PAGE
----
In the world of assistance animals, it’s hard to find a topic more controversial than that of emotional support animals. Similar to service dogs but different in a number of important ways, emotional support animals, or ESAs, offer companionship and support through their presence to their handler/owners. In order for an animal to be considered an ESA, his owner must have a verifiable diagnosis as being emotionally disturbed and in need of his presence and company for health and well-being.
There are a number of myths about emotional support animals, and persistent misunderstandings have habitually made news headlines as apparent support animals publicly misbehave. Knowing the differences between a personal pet, a service animal, and an emotional support animal is crucial for overall legitimacy as well as correctly exercising animal-handling rights in housing, shopping, frequenting businesses, and traveling. This article will answer the question what is an emotional support animal and how do they differ from your standard household pet.
Debunking Fact From Fiction: Essential Information About ESAs
According to the American Kennel Club, in order to be legally considered as an emotional support animal (ESA), the pet in question must first be “prescribed by a licensed mental health professional to a person with a disabling mental illness.” For example, either a psychiatrist, psychologist or a therapist must determine if the presence of an animal will benefit the mental health of their patients. In some cases, research has shown that owning a pet may not only ease an individual’s anxiety, but provide focus in one’s life. This section will explore common misconceptions about ESA ownership along with helpful facts and information:
Myth # 1: Emotional support animals are the same as service animals.
The truth: Service animals are regulated and protected by the Americans with Disabilities Act, known as the ADA. To be considered a service animal, the animal in question must have gone through rigorous service dog training to perform a specific act or acts of service to assist with a specific disability. Examples of service animals may include a dog trained to push or pull a mobility device like a wheelchair, or one trained to retrieve a medicine bottle or phone for a handler that is physically unable to do so. In contrast, an emotional support animal is not trained in a specific act of service, merely to be a well-behaved pet that remains with their owner/handler to provide comfort by their presence.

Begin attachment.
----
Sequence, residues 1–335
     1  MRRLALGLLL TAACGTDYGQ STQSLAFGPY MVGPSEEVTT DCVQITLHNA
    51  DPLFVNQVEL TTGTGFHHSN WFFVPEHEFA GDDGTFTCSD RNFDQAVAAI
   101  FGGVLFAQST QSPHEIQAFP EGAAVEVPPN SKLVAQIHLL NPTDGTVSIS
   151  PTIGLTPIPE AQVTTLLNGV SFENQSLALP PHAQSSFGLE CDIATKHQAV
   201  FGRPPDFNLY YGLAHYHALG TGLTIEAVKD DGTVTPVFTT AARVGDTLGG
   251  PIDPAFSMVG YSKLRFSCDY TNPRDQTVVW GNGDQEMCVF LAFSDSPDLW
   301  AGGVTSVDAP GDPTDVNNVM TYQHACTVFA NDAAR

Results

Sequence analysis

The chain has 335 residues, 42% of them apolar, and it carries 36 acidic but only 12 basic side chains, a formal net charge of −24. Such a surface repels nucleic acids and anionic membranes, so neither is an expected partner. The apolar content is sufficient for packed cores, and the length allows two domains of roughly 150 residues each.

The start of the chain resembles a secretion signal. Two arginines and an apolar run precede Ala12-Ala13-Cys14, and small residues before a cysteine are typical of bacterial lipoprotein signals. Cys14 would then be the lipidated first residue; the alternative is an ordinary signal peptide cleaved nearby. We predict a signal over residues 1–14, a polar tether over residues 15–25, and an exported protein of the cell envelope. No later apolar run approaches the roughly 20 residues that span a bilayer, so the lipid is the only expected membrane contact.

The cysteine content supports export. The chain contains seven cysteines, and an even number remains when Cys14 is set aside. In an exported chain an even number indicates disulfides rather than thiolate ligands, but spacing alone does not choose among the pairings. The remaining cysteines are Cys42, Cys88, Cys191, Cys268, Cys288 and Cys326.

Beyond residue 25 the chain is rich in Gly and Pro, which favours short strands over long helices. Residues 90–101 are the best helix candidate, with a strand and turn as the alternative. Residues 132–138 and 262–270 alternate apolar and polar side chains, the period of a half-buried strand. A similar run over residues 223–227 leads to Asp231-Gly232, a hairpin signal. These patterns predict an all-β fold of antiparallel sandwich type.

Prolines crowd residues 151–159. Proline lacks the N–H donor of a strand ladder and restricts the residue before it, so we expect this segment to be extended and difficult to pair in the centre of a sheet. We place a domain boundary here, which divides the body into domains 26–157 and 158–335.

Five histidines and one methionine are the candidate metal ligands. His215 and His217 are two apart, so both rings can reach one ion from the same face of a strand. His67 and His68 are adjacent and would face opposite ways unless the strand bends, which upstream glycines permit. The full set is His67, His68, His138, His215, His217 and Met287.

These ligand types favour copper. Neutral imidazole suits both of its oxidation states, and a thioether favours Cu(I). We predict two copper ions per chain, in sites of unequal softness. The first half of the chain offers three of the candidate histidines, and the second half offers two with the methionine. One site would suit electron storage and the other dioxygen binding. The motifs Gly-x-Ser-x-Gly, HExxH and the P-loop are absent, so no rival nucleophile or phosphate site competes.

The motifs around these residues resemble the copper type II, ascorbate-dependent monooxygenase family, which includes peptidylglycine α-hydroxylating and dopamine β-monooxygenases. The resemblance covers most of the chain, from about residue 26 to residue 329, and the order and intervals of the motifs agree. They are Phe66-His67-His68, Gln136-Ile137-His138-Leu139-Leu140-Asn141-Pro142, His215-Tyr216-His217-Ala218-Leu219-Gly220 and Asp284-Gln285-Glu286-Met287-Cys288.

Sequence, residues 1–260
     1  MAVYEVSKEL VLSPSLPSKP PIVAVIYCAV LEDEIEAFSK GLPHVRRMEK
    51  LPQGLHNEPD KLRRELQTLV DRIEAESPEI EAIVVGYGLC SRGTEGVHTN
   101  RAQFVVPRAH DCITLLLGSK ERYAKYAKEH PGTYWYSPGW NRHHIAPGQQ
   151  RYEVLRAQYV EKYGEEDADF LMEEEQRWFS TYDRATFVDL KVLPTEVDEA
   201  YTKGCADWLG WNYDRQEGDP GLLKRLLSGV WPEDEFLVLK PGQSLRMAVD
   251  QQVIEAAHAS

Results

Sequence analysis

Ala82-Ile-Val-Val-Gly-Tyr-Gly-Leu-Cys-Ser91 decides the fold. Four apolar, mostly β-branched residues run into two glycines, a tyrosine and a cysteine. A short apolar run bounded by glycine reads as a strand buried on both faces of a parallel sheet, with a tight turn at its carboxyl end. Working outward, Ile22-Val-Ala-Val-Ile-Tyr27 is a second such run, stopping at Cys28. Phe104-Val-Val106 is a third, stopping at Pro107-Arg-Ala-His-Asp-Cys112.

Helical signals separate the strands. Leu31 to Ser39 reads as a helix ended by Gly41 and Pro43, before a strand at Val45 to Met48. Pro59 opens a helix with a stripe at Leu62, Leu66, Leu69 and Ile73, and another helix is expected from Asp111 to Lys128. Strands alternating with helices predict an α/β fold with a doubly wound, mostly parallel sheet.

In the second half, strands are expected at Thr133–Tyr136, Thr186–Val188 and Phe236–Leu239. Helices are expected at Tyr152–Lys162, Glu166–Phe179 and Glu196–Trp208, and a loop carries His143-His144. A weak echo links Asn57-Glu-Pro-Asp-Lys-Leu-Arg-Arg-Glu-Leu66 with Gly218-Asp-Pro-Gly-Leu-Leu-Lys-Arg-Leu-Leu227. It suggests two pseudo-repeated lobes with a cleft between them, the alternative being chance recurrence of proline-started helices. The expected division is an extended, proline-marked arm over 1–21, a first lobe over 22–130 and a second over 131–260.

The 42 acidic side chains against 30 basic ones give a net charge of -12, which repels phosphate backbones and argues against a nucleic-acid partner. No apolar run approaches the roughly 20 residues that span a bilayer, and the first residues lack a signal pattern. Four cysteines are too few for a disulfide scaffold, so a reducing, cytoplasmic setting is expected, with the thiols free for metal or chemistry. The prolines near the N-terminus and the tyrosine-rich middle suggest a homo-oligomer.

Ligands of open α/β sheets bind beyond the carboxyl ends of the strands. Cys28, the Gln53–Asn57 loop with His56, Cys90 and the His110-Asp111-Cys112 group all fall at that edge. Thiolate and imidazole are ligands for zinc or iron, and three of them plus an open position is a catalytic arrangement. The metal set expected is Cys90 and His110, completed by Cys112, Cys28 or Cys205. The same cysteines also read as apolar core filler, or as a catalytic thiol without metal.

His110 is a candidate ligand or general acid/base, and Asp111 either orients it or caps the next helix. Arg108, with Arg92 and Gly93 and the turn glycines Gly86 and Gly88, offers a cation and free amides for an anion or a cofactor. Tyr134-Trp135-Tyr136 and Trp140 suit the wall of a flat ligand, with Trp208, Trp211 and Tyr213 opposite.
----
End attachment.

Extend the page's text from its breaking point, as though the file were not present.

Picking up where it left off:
Myth # 2: Businesses, housing, and transportation methods are required to allow ESAs to accompany their owner/handler.
The truth: A business or organization is only allowed to ask two questions, by law, of anyone purporting to be paired with a service animal. They may ask if the animal is trained to help with a specific disability (though they may not ask which one), and they can also ask what specific duty or duties the animal has been trained to perform. ESAs, by definition, are not considered service animals and so are not afforded the two-questions-only level of protection. An ESA handler may be asked to provide documentation of their ESA prescription, which can only be issued by their mental health professional, much the way a medication would be.
If an ESA handler does not have supporting documentation or their animal exhibits signs of ill behavior, such as urinating or defecating in inappropriate places, making a lot of unnecessary noise, actively disturbing other patrons, or acting aggressive or uncontrolled, they can be asked to leave. A handler is required to have full control over their ESA at all times, which means a physically-attached leash, lead, or harness. By contrast, for service animals, voice control is acceptable in lieu of a lead, as service animals are often paired with handlers that have physical disabilities that may restrict them from holding a leash.